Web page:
Violent crime in prison system is a matter of public significance, court rules
In late February the state Supreme Court in Columbia held that a rape victim whose name was published by a newspaper could not sue the newspaper for invasion of privacy because the crime was an event of public interest.
The victim sued The Berkeley Independent after the newspaper identified him as the victim of a sexual assault in the Berkeley County jail.
n July 1992, a man later identified in court documents only as "John Doe" was arrested for allegedly dousing a woman with gasoline and setting fire to her mobile home. He was charged with assault and battery with intent to kill, kidnapping, burglary and arson, though a grand jury later refused to indict him for the crimes.
While Doe was being held in the Berkeley County jail, he was sexually assaulted by another inmate. A woman who identified herself as the sister of Doe's alleged victim called Allen Morris, the editor of The Berkeley Independent, and informed him that Doe had been "beaten up" in jail. Morris then talked to an official at the sheriff's department, who confirmed that an incident report indicated that Doe had been sexually assaulted in jail.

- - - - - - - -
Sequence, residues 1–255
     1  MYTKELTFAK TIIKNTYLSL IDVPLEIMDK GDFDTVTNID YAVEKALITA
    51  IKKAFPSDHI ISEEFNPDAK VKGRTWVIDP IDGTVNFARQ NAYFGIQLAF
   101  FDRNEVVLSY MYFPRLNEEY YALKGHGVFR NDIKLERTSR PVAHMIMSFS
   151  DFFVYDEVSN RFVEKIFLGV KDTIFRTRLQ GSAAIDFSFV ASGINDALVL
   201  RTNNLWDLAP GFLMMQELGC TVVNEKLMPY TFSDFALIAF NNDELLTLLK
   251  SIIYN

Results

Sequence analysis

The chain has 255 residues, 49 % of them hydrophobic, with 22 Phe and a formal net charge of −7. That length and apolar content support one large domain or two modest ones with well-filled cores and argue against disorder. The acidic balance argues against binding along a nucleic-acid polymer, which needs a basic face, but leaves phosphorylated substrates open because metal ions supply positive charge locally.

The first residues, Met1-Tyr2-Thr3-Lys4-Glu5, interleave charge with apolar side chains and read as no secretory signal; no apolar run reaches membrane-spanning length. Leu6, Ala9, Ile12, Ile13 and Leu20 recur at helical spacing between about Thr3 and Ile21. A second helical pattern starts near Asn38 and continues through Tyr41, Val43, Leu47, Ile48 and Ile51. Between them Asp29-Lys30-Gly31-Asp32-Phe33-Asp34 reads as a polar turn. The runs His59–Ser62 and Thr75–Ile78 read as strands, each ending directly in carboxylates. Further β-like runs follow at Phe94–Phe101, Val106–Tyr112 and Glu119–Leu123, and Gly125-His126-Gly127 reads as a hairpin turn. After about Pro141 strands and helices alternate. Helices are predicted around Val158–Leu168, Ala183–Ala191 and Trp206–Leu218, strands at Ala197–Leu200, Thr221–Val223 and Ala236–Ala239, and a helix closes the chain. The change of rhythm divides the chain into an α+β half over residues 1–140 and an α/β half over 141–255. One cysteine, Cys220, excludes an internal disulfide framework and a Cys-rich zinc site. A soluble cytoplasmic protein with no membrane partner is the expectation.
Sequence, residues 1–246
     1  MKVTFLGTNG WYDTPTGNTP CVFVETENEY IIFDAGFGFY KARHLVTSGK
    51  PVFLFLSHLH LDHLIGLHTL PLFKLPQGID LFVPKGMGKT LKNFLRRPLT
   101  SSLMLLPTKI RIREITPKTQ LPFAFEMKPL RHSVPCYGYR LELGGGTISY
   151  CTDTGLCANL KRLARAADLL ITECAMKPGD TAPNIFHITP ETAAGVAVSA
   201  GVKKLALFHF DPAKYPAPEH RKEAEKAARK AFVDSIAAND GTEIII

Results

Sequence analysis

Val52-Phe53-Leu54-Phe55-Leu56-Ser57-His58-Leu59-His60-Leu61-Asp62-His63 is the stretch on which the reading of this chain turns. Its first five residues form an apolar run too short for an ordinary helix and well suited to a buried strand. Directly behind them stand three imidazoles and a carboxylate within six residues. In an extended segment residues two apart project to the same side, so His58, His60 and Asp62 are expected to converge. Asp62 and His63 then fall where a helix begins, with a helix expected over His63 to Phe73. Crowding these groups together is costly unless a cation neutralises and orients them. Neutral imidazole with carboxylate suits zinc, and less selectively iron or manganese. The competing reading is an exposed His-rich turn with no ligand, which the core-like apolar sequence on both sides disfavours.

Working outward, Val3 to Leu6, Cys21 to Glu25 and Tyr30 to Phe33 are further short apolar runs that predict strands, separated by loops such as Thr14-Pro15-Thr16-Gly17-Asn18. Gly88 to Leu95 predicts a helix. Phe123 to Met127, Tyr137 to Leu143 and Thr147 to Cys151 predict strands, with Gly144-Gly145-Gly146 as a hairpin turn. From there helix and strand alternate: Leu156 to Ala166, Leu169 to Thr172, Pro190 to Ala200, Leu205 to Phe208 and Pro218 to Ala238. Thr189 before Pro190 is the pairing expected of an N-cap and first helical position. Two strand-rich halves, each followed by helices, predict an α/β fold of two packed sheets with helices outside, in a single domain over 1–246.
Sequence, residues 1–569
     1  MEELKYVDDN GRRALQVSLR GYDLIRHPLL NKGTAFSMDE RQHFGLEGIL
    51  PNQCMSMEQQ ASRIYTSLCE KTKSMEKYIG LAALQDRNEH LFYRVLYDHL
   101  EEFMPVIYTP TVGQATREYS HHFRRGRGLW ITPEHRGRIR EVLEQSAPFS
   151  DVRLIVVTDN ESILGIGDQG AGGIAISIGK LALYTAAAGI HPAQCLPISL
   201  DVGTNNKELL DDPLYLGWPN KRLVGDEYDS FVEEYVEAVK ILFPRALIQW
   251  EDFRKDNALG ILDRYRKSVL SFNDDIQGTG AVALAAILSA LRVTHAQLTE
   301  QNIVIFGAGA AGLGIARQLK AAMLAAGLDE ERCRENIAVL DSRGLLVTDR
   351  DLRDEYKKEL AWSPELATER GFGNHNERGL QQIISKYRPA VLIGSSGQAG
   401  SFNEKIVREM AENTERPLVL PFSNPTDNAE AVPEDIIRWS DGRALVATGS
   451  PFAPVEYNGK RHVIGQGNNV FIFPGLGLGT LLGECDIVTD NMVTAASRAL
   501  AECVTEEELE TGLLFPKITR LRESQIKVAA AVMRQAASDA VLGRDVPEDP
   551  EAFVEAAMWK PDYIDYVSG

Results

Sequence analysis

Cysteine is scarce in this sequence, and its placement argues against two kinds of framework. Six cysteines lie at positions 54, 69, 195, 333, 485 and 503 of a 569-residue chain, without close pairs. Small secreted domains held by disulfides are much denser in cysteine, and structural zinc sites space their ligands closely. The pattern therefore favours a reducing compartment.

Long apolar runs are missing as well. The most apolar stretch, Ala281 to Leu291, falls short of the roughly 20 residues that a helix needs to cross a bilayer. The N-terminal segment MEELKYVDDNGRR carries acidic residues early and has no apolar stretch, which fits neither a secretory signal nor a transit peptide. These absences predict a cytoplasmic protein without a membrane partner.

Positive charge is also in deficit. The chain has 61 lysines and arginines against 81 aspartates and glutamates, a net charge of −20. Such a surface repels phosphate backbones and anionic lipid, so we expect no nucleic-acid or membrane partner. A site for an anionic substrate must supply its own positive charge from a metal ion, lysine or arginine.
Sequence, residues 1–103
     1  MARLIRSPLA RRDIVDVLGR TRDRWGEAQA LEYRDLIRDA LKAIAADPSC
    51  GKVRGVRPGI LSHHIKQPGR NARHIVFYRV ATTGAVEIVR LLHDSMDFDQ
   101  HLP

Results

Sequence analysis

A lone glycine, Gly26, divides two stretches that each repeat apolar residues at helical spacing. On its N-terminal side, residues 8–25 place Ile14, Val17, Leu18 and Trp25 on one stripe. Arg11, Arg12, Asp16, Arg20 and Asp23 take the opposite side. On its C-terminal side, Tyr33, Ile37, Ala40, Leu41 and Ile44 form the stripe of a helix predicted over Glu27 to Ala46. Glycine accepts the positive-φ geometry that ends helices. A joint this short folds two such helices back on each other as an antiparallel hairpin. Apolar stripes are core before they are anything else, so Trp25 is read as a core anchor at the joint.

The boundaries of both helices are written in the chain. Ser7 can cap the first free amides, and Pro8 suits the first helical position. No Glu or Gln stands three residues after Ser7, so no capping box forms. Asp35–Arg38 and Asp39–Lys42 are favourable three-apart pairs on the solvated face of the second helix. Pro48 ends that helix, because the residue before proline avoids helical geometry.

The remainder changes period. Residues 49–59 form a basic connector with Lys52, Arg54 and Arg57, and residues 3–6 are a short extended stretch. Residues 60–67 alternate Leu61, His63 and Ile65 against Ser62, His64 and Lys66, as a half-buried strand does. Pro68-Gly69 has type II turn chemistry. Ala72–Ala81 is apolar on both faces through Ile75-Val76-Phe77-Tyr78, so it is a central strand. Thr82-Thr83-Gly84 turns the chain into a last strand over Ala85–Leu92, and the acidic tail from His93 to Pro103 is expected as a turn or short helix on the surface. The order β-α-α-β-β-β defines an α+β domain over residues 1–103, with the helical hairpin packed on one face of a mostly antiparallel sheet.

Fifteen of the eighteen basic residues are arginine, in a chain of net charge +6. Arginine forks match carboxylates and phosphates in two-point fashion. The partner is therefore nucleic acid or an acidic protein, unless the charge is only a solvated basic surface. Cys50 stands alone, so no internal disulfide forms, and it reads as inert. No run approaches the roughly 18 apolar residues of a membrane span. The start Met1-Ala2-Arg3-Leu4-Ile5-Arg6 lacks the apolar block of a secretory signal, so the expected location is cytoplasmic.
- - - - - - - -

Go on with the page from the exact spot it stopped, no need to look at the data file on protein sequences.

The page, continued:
The newspaper published an article about Doe's arrest and another article about the jailhouse rape. The article on the sexual assault identified Doe by his actual name, revealing that he was the victim of the assault.
Doe sued the newspaper for invasion of privacy and intentional infliction of emotional distress in a state circuit court in Moncks Corner. The newspaper responded that, because its story was accurate, based on lawfully-obtained information, and concerning a matter of legitimate public interest, the publication was privileged and thus protected from Doe's lawsuit.
After hearing evidence from both sides, the court directed a verdict in favor of the newspaper on both of Doe's claims. Doe appealed the court's decision regarding the invasion of privacy claim but did not appeal the directed verdict against his emotional distress claim.
On appeal to the state appellate court in Columbia, Doe argued that the Independent illegally obtained his name in violation of the state's rape shield statute and that the assault was not a matter of public significance. He did not question …